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Can't afford lightning strike


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#1 Serge Teulon

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Posted 28 October 2008 - 05:05 PM

Hey There,

Production can't afford it.....I heard a long time ago about a way to achieve lightning through changing the ends on a fixture but unfortunately can't remember and not really something to delve into trials with.

Can anyone help on how to achieve such an effect?

Cheers
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#2 John Sprung

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Posted 28 October 2008 - 06:31 PM

The world's cheapest lightning effect works with Arri, Panavision, Mitchell, most any film camera that's big enough to have some mechanical inertia. All you need to do is cut power to the motor very briefly. The camera slows down signifcantly, massively over exposing a few frames. Badda Boom, you got lightning.

Give it head and tail sticks, and you can have sync sound on both sides of the lightning effect. Post will have to know about it, and pull up a few frames at the point where the flash happens.

Best of all, the cost is zero. ;-)





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#3 Serge Teulon

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Posted 28 October 2008 - 07:25 PM

Fantastic!!!

Thanks for your advice John.

Edited by Serge Teulon, 28 October 2008 - 07:25 PM.

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#4 Matthew Parnell

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Posted 28 October 2008 - 07:25 PM

You could use lightning shutters on a larger fixture. This effect really depends on the operator, but can achieve some good results. Doesn't have as good an effect at lightning strikes, but could suit your needs.
Cheers, Matt.
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#5 Serge Teulon

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Posted 28 October 2008 - 07:47 PM

Yeah I thought about those Matthew but as you say it won't really sell it. The flash is more of a meteorite hitting rather than a electrical storm.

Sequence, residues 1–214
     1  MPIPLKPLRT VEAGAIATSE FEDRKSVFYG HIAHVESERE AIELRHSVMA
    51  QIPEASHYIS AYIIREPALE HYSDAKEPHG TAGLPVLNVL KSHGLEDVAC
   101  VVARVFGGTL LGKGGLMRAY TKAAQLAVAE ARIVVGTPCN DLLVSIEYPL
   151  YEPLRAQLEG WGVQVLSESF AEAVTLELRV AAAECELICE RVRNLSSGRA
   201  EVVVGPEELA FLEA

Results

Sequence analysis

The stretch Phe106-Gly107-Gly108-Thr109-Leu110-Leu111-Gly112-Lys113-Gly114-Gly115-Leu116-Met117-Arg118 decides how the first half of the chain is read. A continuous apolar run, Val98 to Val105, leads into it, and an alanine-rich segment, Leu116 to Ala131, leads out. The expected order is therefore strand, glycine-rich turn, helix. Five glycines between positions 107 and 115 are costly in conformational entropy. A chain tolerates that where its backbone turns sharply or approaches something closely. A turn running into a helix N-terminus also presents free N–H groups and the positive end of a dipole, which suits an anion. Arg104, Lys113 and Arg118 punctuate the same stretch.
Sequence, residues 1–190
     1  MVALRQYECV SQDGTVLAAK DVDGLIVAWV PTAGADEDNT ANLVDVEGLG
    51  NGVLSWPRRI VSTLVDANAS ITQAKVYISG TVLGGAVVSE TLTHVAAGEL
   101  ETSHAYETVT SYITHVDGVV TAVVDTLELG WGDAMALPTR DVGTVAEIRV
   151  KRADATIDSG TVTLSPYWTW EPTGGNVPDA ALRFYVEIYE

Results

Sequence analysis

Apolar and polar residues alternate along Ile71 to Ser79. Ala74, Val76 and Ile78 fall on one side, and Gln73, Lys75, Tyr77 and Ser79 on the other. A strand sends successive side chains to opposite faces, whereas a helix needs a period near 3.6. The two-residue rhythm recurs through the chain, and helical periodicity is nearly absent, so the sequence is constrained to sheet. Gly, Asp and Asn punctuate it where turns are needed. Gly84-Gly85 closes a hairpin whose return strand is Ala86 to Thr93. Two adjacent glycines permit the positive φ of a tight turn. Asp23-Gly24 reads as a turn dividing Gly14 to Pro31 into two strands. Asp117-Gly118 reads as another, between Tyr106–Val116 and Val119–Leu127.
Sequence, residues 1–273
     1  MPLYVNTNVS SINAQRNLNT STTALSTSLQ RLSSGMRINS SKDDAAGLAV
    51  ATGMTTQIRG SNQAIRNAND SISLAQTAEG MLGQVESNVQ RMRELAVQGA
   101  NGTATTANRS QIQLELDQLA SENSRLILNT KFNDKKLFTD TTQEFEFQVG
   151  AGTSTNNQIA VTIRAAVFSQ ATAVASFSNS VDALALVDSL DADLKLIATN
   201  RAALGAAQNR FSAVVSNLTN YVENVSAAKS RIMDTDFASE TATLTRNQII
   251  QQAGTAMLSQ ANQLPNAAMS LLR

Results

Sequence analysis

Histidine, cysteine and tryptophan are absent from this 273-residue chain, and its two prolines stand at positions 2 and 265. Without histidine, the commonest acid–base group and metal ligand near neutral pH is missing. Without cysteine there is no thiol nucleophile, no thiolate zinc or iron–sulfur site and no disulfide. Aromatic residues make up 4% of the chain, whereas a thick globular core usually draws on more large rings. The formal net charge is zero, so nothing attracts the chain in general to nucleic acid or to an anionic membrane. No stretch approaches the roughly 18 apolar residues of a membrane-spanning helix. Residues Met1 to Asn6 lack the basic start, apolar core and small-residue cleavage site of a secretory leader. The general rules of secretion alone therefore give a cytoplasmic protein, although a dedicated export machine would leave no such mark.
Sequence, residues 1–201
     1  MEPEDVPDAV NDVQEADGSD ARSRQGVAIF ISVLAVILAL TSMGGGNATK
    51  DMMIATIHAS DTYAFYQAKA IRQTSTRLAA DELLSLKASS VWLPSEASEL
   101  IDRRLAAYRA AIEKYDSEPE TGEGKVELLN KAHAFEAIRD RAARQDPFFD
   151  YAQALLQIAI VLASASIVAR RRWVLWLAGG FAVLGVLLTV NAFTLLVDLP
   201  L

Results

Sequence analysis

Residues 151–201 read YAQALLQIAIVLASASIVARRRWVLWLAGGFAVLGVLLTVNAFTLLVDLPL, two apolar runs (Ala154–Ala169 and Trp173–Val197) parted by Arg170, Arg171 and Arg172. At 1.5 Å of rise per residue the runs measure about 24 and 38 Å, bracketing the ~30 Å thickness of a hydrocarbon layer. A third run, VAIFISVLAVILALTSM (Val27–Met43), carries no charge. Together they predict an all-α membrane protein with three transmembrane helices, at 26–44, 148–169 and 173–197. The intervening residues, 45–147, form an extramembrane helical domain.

Thanks for your 2pence.

John - With more thought into it.....when you say cut the motor, would just turning it off, at the on/off switch, briefly and then back on achieve that or is there something else that I'm missing?

Edited by Serge Teulon, 28 October 2008 - 07:51 PM.

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#6 David Rakoczy

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Posted 28 October 2008 - 09:10 PM

I could not disagree with John any more on this.. if you think cutting the motor on and off (which I have done many many times in Music Video and Commercial applications) is going to produce a 'Lightning Effect' you will be sadly mistaken!!!! A matter of fact, that effect is only workable when running at a high speed frame rate so the (cutting) of the motor (the slowing down part) is enhanced... Believe me, it will in No Way resemble Lightning...

Use Lightning Strikes.. if not then use an Arc Plunger (which I prefer) ... or.. then use Shutters... beyond that, write Lightning out of the Script.

If you use Shutters.. they work best when on multiple Lamps working in the same shot... that also applies to Lightning Strikes... have at least two units!

Edited by David Rakoczy, 28 October 2008 - 09:13 PM.

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#7 David Rakoczy

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Posted 29 October 2008 - 03:43 PM

cont'd

..not to mention you will looses sync, as well as, see any movement in frame speed up as the camera slows down...
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#8 Kiarash Sadigh

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Posted 29 October 2008 - 04:12 PM

Here is a device I used a few months ago and was quite happy with it...it rented for $60.00!! and gave me a very good rendition of lightening... hope it helps..

http://www.highend.c...flashaf1000.asp
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#9 Serge Teulon

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Posted 29 October 2008 - 08:31 PM

David - it makes sense what you are saying.
I did initially think, that I would probably have be at high speed to cut the motor and for there to be enough momentum in the movement to run a few frames through the slowed gate.
Its a bit of a pickle this one.
The flash is essential to the story and the director will definitely not write it out.
As were shooting 35mm it would be criminal to compromise it with a flash effect in post!! Very last option........and one that i desperately want to avoid!


Kiarash - That looks like a possible option. Do you have an image or footage available to view your experience with this light?



Really appreciate your help guys!
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#10 Kiarash Sadigh

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Posted 29 October 2008 - 09:41 PM

David - it makes sense what you are saying.